One official at least said that he thought my arguments had some validity, fitting with many of the known parameters in foot and mouth disease. He said that it is thought that the summer months will eliminate the disease and this is thought to be because of the rays from the sun and that it should be investigated further (Page8: Persistence of virus ). I pointed out that my proposal did not involve the sun and that if successful would prove this point.
Foot and Mouth Disease is here to stay as are many illnesses affecting humans and animals alike. It is only the changes in environmental conditions, which reduce resistances to infectious agents that mislead scientists into believing that someone must have introduced the disease from some far off place. It is easier to pass the book and look for a safe scapegoat, rather than admit that todays knowledge about the circulation of fluids within the body of humans and animals is incorrect! After all, if the disease originated in some far-flung place, something must have triggered it in the first place! The recent floods in Africa for example?
Two suicides already reported in the farming community on Sky TV News today 04 April 2001, how many more lives and livelihoods will be trashed before this ridiculous farce ends?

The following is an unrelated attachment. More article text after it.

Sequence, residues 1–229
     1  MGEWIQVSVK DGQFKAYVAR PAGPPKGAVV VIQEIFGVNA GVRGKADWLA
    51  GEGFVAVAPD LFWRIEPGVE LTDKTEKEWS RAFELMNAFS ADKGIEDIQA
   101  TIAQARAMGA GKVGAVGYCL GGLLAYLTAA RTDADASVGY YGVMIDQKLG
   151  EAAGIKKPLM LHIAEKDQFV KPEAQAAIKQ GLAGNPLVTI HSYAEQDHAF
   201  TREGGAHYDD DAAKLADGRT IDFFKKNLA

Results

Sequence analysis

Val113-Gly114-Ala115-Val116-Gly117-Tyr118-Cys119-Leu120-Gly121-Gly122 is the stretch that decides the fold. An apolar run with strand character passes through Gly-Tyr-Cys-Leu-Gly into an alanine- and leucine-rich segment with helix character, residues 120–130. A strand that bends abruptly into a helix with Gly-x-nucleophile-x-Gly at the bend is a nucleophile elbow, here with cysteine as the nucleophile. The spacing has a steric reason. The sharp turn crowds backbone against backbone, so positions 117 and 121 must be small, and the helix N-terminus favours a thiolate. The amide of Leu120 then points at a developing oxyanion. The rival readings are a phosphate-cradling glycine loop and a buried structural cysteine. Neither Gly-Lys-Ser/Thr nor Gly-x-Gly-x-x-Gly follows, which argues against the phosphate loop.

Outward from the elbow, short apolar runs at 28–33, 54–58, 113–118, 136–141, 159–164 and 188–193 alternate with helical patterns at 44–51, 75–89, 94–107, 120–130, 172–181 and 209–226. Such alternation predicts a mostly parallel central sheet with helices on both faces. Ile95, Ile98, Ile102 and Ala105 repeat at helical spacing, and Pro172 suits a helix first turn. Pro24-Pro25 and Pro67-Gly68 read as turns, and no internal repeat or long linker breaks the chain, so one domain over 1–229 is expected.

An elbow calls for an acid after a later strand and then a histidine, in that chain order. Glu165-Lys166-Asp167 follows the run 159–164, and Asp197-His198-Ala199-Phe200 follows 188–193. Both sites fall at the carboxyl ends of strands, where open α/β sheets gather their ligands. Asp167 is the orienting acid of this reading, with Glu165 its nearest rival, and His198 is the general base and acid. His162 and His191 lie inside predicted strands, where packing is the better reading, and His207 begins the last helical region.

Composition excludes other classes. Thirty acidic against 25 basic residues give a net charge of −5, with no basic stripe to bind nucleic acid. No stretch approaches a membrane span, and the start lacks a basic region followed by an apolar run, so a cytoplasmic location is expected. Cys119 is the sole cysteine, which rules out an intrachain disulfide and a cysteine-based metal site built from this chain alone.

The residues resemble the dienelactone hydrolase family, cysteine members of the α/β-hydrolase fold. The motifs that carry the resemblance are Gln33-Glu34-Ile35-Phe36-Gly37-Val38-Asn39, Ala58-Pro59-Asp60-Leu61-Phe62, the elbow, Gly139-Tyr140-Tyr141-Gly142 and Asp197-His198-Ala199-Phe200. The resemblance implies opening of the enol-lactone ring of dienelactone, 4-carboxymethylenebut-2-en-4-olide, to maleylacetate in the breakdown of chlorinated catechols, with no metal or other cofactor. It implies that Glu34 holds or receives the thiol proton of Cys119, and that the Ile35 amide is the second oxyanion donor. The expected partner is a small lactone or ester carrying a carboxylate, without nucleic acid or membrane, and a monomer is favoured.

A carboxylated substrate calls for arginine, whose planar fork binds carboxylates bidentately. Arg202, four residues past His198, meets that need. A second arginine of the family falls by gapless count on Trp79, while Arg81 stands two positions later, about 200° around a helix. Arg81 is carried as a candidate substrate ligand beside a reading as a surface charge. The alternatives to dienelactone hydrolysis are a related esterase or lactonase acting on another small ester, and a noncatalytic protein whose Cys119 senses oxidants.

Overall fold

Foot and mouth should be seen as a warning of pending danger.
Foot and mouth should be seen as a warning of pending danger from infectious diseases which can spread to humans from animals. One consideration should be the outbreak of Nipha Disease in Malaysia.
'Emergency report' by the Director General of the Malaysian Veterinary Services, Dr Mohd Nordin Mohd Nor, to the OIE,(published in their weekly DISEASE INFORMATION of 28 May 1999, Vol. 12 - No. 20.)
By mid-December 1998, the disease had spread to Sikamat, about 60 km south of Kuala Lumpur, through movement of infected pigs. Seven of the 20 workers developed the disease and five died in January 1999.
By March 1999 the disease had spread to the major pig producing area of Bukit Pelandok in the State of Negeri Sembilan
The disease spread to more farms and, from 1 March to 10 May 1999, a total of 224 suspected cases of viral encephalitis occurred in Negeri Sembilan with 80 fatalities. Out of a total of 258 persons suspected of being infected with the Nipah virus, 100 have died.
In a previously infected farm, more than 95% of sows had Nipah virus antibodies. More
than 90% of the piglets had antibodies assumed to be maternal antibodies. Antibody
prevalence across all ages is currently being
studied in an infected farm. END OF COPIED REPORT
[This is the first comprehensive report we have seen and may be the first comprehensive
report. Japanese encephalitis is no longer being reported as the etiologic agent of Nipah
disease and other steps forward obviously have